Personnel News: December 2008 Archives

New Report Details Aerospace Workforce Needs, Remedies, AIA

"A new report from the aerospace industry promotes the need to convince more students to study math and science and makes proposals to senior policy makers to improve those education disciplines. The new report, "Launching the 21st Century American Aerospace Workforce," documents steps the industry is taking to head off a potential workforce crisis and makes nine policy recommendations to government partners. The report is a follow-up to an analysis released earlier this year that detailed the goals and actions the industry must take to meet the challenge."

This is Just Not Right

NASA, Space Gateway Support Fail to Make Apology, The Earth Times

"NASA and Space Gateway Support still have not issued an apology to identity theft victim David Welch after software engineer Kevin Landivar used a NASA computer to destroy Welchs credit in July."

Report on "Cross-Generational Discussions and Activities",

"Last April, representatives of the next generation workforce community attended the NASA Strategic Management Council (SMC) at Stennis Space Center to discuss strategic workforce issues. The SMC is a top-level meeting with the NASA Administrator and top senior leadership across the agency."

Editor's note: What mystifies me is why this crowd can only seem to present things in Powerpoint. I have yet to see an actual written report from them - one that uses words in sentences, paragraphs, and chapters, and goes into depth in describing the issues that are raised. Relying on Powerpoint slides composed of pictures and one sentence catch phrases does not do the topic the justice that it deserves since this is all that 99.99% of the audience not in attendance ever sees. The response that is often offered is that these slides were used as part of a presentation. OK, where's the video of that presentation? And why is it that this material can only (seemingly) be presented in the form of Powerpoint slides that someone has to then explain and expand upon? Can't someone come up with a self-contained presentation that speaks for itself - in full detail - one that can be read? If the proponents of the ideas listed on these slides cannot explain themselves in writing, what does that say about their ability to fully communicate?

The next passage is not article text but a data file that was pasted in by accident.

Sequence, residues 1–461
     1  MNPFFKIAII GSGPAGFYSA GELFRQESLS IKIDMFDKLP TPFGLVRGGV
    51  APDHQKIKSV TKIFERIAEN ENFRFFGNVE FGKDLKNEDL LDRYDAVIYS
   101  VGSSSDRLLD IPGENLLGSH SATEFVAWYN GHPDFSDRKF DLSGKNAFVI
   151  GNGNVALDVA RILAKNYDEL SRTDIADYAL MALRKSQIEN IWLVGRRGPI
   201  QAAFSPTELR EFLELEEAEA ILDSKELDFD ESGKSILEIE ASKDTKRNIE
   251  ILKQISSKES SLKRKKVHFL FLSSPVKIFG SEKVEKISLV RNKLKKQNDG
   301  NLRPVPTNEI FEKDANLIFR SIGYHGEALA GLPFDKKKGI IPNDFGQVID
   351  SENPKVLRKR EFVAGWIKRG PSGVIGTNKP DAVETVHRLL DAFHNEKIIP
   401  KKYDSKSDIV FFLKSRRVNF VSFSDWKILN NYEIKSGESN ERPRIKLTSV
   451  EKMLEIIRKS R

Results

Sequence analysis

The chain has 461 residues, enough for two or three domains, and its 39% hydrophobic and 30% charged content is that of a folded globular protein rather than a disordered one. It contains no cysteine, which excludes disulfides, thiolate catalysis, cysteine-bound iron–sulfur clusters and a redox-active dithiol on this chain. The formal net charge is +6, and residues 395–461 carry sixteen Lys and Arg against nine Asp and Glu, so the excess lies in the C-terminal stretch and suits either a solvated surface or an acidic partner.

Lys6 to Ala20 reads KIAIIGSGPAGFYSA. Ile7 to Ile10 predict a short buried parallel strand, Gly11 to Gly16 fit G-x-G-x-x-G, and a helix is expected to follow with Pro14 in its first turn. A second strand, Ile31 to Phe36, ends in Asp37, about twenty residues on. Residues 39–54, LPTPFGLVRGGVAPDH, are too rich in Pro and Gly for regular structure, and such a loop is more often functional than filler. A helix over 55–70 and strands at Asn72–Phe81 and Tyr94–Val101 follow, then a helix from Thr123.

Short blog posts just don't cut it.

Editor's update: One of my readers pointed out that there was a report - but the link is all the way at the bottom of a blog posting. My oversight. You guys might want to make these links a bit more prominent - and fix the broken link that starts with "ohttp://www .... ".

The report "NASA Center Cross-Generation Discussions Summary of Efforts & Results from Ames, Dryden, Glenn, Goddard, Johnson, Kennedy, Langley, Marshall & Stennis" is mostly a loosely knit shopping list of things that people are doing or that people want to see done. The underlying reason(s) for doing these things, i.e. why they are important, how they are chosen, and ow their effectiveness measured, is more or less absent. There is also mention of a "One NASA Philosophy" - something that is not defined - is this just something for civil servants or is NASA's (much larger) pool of contractor employees part of this as well? Nor is there any description of just what generation(s) are being discussed, who fits into which one, and why this "next gen" should be getting different treatment than previous generations. In addition, no author names or contact information is included. How does one seek more information on these topics or offer help? Oddest of all is why the bulk of the visibility and public discussion for this official NASA effort is being done by NASA employees via their own privately-run website. Shouldn't all of NASA be in on this?